Mainly due to two reasons:
- Allow enough time for all bridges to hear the change in the topology.
- Avoid duplicate frames.
From Understanding and Tuning Spanning Tree Protocol Timers see below:
The movement of a port into the listening state indicates that there is a change in the active STP topology and that a port will go from blocking to forwarding. So the listening and learning periods during which the forward delay runs must cover this consecutive period:
Time from when the first bridge port enters the listening state (and stays there through the subsequent reconfiguration) to when the last bridge in the bridged LAN hears of the change in the active topology
In addition, you need to count the same delay that you use to calculate max age (message age overestimate and BPDU propagation delay).
Time for the last bridge to stop forwarding frames that are received on the previous topology (maximum transmission halt delay), until the last frame that is forwarded on the previous topology disappears (maximum frame lifetime)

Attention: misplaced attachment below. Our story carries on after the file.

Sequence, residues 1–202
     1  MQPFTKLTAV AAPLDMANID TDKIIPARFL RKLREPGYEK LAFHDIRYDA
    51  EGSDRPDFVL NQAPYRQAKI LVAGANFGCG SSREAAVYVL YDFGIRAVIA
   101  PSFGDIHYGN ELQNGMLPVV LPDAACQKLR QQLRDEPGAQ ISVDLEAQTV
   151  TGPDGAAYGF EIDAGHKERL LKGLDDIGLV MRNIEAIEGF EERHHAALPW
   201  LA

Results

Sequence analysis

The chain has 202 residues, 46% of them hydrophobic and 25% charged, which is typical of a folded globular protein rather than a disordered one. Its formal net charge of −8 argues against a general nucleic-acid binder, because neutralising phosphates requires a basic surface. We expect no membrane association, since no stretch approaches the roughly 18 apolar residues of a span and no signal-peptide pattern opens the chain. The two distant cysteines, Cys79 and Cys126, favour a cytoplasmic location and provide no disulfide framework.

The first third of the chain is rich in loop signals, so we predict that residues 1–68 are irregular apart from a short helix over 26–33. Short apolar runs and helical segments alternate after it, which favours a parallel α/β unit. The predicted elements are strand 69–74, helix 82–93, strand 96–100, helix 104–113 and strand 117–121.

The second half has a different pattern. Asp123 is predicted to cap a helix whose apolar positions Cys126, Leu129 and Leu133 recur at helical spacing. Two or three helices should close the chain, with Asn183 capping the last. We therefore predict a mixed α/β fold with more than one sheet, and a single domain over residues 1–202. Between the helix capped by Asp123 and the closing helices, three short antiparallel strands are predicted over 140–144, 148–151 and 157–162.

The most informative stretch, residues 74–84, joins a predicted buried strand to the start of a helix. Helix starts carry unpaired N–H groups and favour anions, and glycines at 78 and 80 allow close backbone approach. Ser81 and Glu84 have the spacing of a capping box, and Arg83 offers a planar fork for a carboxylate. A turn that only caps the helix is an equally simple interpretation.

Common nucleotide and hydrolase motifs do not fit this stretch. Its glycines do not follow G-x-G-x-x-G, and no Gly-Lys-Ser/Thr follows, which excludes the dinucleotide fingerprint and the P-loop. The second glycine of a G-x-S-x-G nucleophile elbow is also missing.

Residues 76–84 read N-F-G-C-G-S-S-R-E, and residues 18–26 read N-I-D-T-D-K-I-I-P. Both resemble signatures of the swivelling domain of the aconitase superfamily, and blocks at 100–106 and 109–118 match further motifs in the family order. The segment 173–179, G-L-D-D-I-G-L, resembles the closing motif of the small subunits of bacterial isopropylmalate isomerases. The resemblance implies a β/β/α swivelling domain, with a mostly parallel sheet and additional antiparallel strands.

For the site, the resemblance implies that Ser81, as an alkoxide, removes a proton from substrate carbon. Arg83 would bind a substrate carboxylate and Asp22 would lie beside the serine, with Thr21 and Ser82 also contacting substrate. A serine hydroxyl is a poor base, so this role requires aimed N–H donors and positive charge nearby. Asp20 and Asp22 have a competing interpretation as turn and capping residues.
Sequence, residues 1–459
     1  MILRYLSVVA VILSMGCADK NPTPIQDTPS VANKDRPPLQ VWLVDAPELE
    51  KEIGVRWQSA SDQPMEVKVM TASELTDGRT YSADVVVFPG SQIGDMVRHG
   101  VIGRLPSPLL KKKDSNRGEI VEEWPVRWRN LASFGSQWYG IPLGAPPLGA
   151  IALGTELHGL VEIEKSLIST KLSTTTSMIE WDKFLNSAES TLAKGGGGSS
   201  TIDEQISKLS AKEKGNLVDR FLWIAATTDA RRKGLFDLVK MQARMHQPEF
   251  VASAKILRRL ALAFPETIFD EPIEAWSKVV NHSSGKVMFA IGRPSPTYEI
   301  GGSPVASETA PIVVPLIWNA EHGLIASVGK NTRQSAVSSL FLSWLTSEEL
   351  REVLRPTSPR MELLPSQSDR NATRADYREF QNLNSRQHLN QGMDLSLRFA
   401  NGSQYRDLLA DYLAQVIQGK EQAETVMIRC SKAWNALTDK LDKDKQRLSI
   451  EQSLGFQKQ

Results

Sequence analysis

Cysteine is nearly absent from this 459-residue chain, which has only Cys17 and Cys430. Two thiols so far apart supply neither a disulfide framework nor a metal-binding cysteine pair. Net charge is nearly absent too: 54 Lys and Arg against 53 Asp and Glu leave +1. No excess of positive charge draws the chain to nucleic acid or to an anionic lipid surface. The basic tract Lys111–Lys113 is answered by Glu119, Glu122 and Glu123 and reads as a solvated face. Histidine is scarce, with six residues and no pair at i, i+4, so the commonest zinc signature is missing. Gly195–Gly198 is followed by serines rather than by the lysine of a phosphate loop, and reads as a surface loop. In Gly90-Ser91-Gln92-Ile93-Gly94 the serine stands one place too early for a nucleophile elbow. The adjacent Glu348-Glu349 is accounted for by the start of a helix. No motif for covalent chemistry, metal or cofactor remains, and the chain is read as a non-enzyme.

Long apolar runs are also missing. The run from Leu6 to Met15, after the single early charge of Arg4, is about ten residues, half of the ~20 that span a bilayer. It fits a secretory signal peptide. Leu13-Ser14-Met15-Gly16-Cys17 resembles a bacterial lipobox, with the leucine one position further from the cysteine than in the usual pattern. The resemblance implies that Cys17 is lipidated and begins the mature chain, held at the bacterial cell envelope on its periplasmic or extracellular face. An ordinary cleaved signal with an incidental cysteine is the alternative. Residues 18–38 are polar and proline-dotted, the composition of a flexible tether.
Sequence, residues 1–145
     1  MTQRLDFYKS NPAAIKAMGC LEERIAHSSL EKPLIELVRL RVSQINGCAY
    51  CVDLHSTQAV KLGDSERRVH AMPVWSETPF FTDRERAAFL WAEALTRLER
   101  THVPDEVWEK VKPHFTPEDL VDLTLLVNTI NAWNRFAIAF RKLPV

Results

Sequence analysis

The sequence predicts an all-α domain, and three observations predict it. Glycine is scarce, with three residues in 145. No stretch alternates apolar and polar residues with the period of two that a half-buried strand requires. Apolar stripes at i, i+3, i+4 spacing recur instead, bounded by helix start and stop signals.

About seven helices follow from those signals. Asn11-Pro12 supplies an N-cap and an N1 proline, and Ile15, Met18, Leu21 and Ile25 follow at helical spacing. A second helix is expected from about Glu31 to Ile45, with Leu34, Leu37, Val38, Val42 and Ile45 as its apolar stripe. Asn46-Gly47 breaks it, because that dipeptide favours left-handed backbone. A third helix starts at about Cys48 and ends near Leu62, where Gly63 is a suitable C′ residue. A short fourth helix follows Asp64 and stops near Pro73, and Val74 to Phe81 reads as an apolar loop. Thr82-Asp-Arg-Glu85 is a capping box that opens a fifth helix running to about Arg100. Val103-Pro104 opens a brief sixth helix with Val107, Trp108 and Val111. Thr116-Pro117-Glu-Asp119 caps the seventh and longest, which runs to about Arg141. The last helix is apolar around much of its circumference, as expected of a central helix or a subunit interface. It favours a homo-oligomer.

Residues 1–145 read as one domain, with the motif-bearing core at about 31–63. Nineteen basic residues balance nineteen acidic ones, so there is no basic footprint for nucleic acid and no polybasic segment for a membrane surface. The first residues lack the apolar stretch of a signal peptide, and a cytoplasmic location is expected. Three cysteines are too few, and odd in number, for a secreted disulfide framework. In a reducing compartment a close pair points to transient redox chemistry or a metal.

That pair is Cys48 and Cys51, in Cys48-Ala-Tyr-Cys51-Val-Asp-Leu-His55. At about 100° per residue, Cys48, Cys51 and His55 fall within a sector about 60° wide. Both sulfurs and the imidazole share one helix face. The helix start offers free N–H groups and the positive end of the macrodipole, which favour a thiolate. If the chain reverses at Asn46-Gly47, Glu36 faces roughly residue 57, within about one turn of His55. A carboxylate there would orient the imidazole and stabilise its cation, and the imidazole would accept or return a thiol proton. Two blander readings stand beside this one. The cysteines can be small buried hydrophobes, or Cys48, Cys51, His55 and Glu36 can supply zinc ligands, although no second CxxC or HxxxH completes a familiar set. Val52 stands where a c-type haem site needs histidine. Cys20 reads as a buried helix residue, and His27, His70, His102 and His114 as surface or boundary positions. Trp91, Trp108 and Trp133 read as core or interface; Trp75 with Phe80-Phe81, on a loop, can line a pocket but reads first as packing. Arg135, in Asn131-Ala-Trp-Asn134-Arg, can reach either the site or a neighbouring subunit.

This amount of time is necessary in order to be sure that you do not get duplicated frames.
Therefore, twice the time of the forward delay (listening time + learning time) contains all these parameters. The formula is:
2 x forward delay
= end-to-end_BPDU_propagation_delay + Message_age_overestimate +
Maximum_frame_lifetime + Maximum_transmission_halt_delay
= 14 + 6 + 7.5 + 1 = 28.5
= 28.5 /2
= 15 (rounded)
Networking protocols and industry requirements have changed since when STP was initially created.
STP is kind of old and has evolved into further flavors like RSTP, PVST, PVST+, MSTP to satisfy the need of faster and more resilient networks.
For example let's compare STP vs RSTP topology change and you will clearly see why STP is so slow. STP had to wait the TCN flag all the way up from the Root Bridge.